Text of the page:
Seasoned Flour

2 cups all-purpose flour

1 tablespoon kosher salt

1 1/2 teaspoons freshly ground black pepper

1 1/2 teaspoons dry mustard

1 1/2 teaspoons sweet paprika

Pinch of cayenne pepper

3/4 teaspoon chili powder

3/4 teaspoon dried oregano

3/4 teaspoon dried thyme

3/4 teaspoon granulated garlic

3/4 teaspoon onion powder

In a large bowl, whisk together all the ingredients.

Garr’s House-Made Bacon

1/4 cup kosher salt

3 1/2 tablespoons packed light brown sugar

2 teaspoons pink curing salt

2 1/2 pounds pork belly (ask your local butcher to order pork belly for you a few days ahead)

1 tablespoon maple syrup

Applewood chips (about 3 or 4 big handfuls)

In a small bowl, combine the salt, brown sugar and curing salt, and sprinkle over all surfaces of the pork belly. Wrap well and store in the refrigerator for six days, turning it every other day. After 6 days, rinse the salt mixture off and place the pork on a rack set over a baking sheet. Leave unwrapped and refrigerate overnight. Pat dry and drizzle the top surface with syrup.

Preheat a gas or charcoal grill to low heat, with about 2/3 of the grilling area prepared for cooking over indirect heat. If you are using a charcoal grill, pile the applewood chips in with the charcoal and light them all; when glowing red, rake them into a pile on one side of the grill. If you are using a gas grill, prepare the applewood chips for smoking: Seal 3 or 4 big handfuls of chips in a disposable aluminum pan (with a sheet of heavy-duty aluminum foil as a cover) or a smoking box. Alternatively, you can place the chips on four 18-inch-long sheets of heavy-duty aluminum foil, wrap the chips up like a present, and poke 10 to 12 holes in the sides and top of the package with a skewer. If your grill has 2 burners, preheat the grill to high on both burners. Place the chips on the grill and cook with the lid closed until they begin to smoke profusely, between 10 and 20 minutes. Turn off one burner and reduce the other to low heat. (If you are using a gas grill with 3 burners, preheat the grill to high on all burners, start the chips smoking, then turn off two of the burners and reduce one to low. In any case, you’re aiming for a grill temperature of about 200 degrees.)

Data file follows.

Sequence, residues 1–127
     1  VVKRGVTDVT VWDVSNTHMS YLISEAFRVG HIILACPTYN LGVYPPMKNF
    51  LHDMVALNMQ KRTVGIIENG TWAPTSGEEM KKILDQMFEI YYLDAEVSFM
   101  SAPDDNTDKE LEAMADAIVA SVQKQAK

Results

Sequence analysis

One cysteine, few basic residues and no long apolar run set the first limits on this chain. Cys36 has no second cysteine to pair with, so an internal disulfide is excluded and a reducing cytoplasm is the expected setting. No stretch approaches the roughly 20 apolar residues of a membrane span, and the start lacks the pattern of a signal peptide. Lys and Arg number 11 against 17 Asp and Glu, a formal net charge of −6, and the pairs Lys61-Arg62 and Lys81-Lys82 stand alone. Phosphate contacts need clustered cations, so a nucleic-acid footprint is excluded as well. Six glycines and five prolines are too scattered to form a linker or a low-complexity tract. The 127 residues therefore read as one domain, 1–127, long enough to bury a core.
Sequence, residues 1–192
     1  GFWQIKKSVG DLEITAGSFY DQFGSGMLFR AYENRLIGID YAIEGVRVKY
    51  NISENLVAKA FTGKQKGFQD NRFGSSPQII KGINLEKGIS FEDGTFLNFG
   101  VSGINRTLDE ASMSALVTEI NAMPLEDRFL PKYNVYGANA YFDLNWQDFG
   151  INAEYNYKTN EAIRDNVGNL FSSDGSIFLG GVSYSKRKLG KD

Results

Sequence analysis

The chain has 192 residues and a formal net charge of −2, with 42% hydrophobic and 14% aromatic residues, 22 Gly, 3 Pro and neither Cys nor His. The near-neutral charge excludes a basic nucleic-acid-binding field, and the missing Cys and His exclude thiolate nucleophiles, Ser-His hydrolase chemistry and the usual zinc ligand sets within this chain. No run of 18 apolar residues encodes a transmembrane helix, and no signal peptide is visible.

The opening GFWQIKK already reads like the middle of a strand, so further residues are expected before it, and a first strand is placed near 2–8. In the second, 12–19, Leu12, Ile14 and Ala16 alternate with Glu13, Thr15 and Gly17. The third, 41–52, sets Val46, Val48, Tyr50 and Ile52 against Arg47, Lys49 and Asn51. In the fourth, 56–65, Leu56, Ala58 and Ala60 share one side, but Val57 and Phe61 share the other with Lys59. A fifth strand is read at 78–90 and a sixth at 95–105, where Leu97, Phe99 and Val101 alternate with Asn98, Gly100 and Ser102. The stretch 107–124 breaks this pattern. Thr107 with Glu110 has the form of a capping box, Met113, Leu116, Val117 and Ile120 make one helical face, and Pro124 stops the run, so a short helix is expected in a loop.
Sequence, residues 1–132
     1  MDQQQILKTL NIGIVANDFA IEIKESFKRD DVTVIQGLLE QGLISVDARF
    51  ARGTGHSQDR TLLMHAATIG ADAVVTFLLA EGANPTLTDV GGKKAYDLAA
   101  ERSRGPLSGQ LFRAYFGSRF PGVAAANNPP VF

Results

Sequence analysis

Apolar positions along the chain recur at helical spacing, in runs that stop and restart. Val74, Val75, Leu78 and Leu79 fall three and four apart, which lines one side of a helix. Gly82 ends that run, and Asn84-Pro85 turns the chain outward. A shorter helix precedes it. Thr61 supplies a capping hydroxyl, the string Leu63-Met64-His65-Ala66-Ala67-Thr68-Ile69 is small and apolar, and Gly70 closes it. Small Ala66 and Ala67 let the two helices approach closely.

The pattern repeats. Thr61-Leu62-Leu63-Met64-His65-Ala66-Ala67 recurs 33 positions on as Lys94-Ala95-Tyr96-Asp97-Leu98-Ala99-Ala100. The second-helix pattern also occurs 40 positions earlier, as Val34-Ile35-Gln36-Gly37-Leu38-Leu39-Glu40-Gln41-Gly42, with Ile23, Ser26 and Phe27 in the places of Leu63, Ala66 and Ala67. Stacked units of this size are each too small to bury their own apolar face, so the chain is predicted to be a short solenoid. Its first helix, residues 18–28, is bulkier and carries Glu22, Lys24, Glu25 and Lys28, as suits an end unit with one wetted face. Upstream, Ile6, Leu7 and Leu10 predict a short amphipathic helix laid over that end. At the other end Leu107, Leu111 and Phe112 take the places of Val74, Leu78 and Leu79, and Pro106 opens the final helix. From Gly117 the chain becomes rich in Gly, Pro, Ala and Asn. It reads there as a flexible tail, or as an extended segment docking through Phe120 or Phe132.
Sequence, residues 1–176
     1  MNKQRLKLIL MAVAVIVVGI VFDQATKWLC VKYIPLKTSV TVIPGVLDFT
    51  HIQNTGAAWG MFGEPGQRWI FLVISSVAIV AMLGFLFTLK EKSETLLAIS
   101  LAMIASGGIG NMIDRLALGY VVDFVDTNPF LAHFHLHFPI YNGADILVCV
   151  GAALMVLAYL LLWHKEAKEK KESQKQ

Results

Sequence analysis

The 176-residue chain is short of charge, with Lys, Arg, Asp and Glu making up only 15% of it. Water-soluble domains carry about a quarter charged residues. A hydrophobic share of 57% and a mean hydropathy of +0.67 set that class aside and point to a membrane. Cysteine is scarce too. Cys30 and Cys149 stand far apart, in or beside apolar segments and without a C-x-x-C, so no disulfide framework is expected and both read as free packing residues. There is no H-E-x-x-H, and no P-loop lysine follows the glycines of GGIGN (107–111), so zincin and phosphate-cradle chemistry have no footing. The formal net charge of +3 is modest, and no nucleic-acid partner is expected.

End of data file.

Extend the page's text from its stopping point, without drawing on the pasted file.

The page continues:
Place the bacon on the grill, over the area with no direct heat, and smoke for 2 to 3 hours, or until the bacon registers 150 degrees on an instant-read thermometer. Cool, cut off the skin and outer edges (which are super-salty). Thinly slice the bacon and fry in a skillet.

Note: If you’re using a hot smoker, smoke the pork belly for about 12 hours.

Apple Currant Chutney

1 Fuji apple, peeled, cored and chopped

3/4 cup finely chopped Walla Walla or another sweet onion

3/4 cup jarred Major Grey’s mango chutney

2/3 cup currants

1/4 cup finely chopped red bell pepper

1/3 cup unseasoned rice vinegar

1/3 cup water

2 1/2 tablespoons mirin (sweet Japanese rice wine)

2 1/2 tablespoons sugar

2 tablespoons minced pickled ginger

1 teaspoon sambal oelek, or other Asian hot sauce

1/2 teaspoon finely grated lemon zest (Meyer preferred)

1/2 teaspoon ground allspice

2 teaspoons minced fresh chives

Combine all ingredients except for chives in a medium saucepan over high heat. Bring to a boil, lower the heat to a simmer, and cook, stirring occasionally, until reduced to a jam-like consistency, about 45 to 55 minutes. Stir in the chives and let cool. Serve at room temperature.